Songwriters: Tony Banks, Phil Collins, Peter Gabriel, Steve Hackett, Mike Rutherford
Original Release: Selling England By the Pound
Definitive Version: You’ll Love Us Live, 1980
Although I’m a huge baseball fan, I’m not much of a football fan—pro football anyway. That hasn’t always been true.
When I was a kid, I liked the Los Angeles Rams. I’m pretty sure I chose them because a bunch of the first football cards I ever had, from the glorious 1971 set, were Rams players. (As an aside, the Rams cards from that set are awesome. Most players making gloriously hokey old-school poses. Check out the Jack Snow in particular.)
That affiliation changed in the Eighties. In Columbus, Ohio, we were fed a steady diet of Cincinnati Bengals and Cleveland Browns games on TV, but for whatever reason, I didn’t gravitate to those teams. When I started going to Wabash, the local TV team was the Chicago Bears. (Remember, this was before the Colts hightailed it out of Baltimore.)
Well, I loved Walter Payton—who didn’t?—and Dick Butkus was my favorite player when I was a kid. Then the Bears drafted Jim McMahon, a fave while at BYU. Because Bears games were on every weekend (Tim Ryan and Johnny Morris back in the day), it was a natural thing to root for the Bears. My timing was perfect, because when 1985 rolled around, no one accused me of being a bandwagon-jumper.
I’ve said that the 1999 Cincinnati Reds were my all-time favorite baseball team. The 1985 Chicago Bears were my all-time favorite team, period. I never had more fun following a team than that team, with the possible exception of the 1986 Bears, which was, of course, after I moved to Chicago and could take in the entire experience.
I suppose if you were a fan of a team the Bears beat up on or you got sick of hearing about them, you hated the 1985 Bears. Otherwise how could you? They were characters who made the game fun to watch, and they coached by the biggest character of them all. Come on, William Refrigerator Perry running the ball, catching the ball and trying to carry Payton into the end zone that one time? McMahon and his nutty headbands? Ditka’s insane press conferences? The Super Bowl Shuffle?
I watched every minute of every game that year. The 1985 season was the culmination of something you could see coming. 1983 was the first sign, when they won five of their last six games. They rolled to the NFC championship game in 1984, and expectations were really high going into 1985. You just KNEW they were going to be good. We just didn’t know HOW good.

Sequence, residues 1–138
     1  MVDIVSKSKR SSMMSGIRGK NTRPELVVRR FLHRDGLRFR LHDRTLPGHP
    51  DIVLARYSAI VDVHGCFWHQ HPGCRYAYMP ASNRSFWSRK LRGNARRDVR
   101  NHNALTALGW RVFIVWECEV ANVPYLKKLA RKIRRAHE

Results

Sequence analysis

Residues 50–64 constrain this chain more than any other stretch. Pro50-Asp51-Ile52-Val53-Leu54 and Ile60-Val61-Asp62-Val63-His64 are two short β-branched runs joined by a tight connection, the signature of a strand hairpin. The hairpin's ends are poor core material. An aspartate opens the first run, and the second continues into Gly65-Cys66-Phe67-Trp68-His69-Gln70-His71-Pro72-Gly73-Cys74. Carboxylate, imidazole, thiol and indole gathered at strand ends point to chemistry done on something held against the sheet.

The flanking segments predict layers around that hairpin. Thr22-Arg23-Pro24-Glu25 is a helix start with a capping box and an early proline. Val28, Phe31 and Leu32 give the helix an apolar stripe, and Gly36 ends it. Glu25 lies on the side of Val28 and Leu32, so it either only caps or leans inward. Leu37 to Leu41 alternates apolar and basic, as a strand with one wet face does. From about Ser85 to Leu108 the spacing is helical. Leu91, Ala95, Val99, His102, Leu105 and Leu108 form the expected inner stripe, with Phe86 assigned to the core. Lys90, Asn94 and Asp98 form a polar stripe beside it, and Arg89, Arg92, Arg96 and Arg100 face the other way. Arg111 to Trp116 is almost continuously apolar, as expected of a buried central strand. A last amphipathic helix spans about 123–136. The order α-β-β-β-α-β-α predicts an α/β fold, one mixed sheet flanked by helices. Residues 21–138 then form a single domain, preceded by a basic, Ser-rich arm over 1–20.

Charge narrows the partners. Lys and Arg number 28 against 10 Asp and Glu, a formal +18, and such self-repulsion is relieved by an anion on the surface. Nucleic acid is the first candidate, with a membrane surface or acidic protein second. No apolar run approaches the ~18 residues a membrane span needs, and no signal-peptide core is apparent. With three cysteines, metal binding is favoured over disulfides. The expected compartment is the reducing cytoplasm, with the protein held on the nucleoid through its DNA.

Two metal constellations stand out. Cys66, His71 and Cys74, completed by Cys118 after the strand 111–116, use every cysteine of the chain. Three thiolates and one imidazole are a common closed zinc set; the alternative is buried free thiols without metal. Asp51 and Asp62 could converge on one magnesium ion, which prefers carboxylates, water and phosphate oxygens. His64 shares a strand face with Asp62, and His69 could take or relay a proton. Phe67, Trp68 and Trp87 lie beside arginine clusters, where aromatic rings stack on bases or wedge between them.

I would argue that the 1985 Bears were the greatest NFL team of all time, despite the one blemish on a freakish night in Miami. (As someone once said, if you throw a pass that bounces off a defender’s helmet into the arms of a receiver and it goes for a touchdown, as Dan Marino and the Dolphins did that Monday night, you know it’s not your night.)
They also delivered my all-time favorite game result. Just as I grew up loving the Rams, I hated, repeat, HATED, all caps, the Dallas Cowboys who always seemed to beat up my beloved Rams when it counted. The 1985 Bears made up for all that and then some in Dallas, pulverizing the Cowboys in a way no one had before in my lifetime. The Sports Illustrated cover the next week said it all: 44-0. The only way it could have been better would have been if the cover read 100-0.
As with my music, I got Scott into the Bears in a big way, and we’d have phone conversations about the games each week. He bought The Superbowl Shuffle as soon as it came out.
We finally got to watch a game together during Christmas break. It was the last regular-season game of the year, in Detroit, and I remember distinctly that Scott had just bought You’ll Love Us Live and was playing it for me in his underground lair (the aforementioned B--- Off Room). The version of this song, with the well-miched crowd in the background and Phil’s tom solo, particularly stuck with me that day.
The other thing that stuck with me was one play in an otherwise sloppy but certain rout of the Lions: Late in the game, the Lions had the ball deep in Bears territory when they fumbled. In one motion, the Fridge leaped over a fallen player, picked up the ball and rumbled off to the end zone … 80 yards away.
As soon as the play happened, I started jumping up and down, yelling, “No way! No way!” in joyful disbelief. I mean there was NO WAY Perry was going to run it all the way back. His season was already legendary enough as is.
Of course, Perry didn’t: He was tackled at about the Lions 20, but it was another awesome moment during my favorite sports season of all-time.